You like Ford but think the latest GT supercar doesn’t suit you? Maybe its design is too modern, or for some reason you’re not fond of its twin-turbo 3.5-liter V6 engine? Well then, what about the previous-generation that looks a bit older but is more in tune with you?
Like this retro-styled example that packs a V8 engine and a manual transmission; a rare combination in today’s world of performance cars. Plus, it’s an exclusive machine you don’t see everyday on the road, especially since it comes with a very low mileage. The car is going under hammer at RM Sotheby’s Auburn Fall 2019 sale.
Having just 11.7 miles on the clock, this may be the least-driven 2006 Ford GT on the planet. That means its 5.4-liter V8 engine and six-speed transmission are in perfect condition, and they’ll likely remain intact even years after changing hands, because this isn’t the type of vehicle that is bought only to be driven freely.
We bet the change of owner won’t change the way the red and white-striped car spends its days. It will most of the time sit in a garage, avoiding even just a little more of driving to keep its “virtually brand-new” condition.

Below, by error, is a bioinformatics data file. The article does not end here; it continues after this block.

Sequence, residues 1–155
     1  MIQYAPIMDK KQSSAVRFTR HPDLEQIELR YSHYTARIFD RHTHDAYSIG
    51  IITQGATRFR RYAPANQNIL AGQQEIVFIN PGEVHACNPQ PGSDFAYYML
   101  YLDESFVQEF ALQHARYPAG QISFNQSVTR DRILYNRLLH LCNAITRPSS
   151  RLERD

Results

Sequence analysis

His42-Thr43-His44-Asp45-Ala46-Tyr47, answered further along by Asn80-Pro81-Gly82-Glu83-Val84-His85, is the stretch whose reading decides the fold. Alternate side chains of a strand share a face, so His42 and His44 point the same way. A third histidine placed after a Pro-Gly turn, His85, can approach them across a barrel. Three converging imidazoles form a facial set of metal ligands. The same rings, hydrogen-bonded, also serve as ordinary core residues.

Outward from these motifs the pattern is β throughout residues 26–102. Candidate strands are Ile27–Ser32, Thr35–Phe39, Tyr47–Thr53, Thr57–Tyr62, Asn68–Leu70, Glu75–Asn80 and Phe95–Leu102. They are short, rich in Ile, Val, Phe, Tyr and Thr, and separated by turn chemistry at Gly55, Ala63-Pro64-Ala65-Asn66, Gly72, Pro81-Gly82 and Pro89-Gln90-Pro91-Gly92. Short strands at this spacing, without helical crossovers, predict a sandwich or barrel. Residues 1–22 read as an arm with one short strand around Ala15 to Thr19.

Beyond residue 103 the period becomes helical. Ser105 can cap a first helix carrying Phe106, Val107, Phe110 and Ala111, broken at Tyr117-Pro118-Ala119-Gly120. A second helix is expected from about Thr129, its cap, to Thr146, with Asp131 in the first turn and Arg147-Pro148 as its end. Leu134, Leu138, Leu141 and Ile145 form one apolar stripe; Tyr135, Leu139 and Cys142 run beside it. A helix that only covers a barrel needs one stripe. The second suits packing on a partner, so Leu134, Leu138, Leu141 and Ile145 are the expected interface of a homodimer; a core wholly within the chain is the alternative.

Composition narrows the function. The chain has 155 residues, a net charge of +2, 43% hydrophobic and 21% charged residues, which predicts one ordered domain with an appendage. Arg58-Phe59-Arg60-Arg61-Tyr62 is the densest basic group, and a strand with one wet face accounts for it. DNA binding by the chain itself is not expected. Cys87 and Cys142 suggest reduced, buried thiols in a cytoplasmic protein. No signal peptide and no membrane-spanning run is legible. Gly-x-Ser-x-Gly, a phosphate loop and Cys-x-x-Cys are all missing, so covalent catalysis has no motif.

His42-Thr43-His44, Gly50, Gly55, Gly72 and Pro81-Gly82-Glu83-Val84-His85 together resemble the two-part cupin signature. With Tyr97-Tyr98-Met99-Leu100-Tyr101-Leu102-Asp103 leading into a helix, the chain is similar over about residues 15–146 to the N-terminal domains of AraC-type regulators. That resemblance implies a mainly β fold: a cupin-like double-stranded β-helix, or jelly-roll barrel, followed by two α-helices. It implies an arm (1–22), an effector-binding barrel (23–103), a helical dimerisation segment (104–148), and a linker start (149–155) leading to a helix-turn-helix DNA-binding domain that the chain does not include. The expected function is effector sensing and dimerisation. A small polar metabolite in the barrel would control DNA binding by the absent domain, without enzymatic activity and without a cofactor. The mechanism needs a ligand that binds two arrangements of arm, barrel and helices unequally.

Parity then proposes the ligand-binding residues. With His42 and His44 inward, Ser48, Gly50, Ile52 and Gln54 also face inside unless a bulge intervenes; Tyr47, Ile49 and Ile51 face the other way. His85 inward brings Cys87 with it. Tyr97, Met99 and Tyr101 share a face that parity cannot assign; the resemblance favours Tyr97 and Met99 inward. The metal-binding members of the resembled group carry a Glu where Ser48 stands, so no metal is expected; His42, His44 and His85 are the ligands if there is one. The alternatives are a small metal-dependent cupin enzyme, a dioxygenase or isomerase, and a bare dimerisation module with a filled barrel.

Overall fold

Besides its ultra-low mileage, there are apparently other reasons that make this car special. According to RM Sotheby’s, the unit is just one of 327 finished in this red and white color scheme for 2006. It’s also said to be “fully equipped, four-option example.”
Introduced in 2005, the Ford GT was built to pay homage to the Le Mans–winning Ferrari GT40 from the 1966. Its gorgeous look, analog driving configuration, and 550 hp had given both customers and critics no choice but to praise it.
The 2006 GT was unquestionably one of the most potent supercars in its glory days, being able to dash from 0 to 60 mph in 3.3 seconds and max out at 205 mph. Today its value has skyrocketed that you won’t be able to get one for its original price.
This particular model in RM Sotheby’s hands is estimated to sell from $280,000 to $340,000. If you want to compare, the original price of the 2006 GT was $149,995, so you’re looking at a pretty big increase here. It doesn’t matter though, especially for those who value the old-school power of this car more than the amount of cash required to take it home.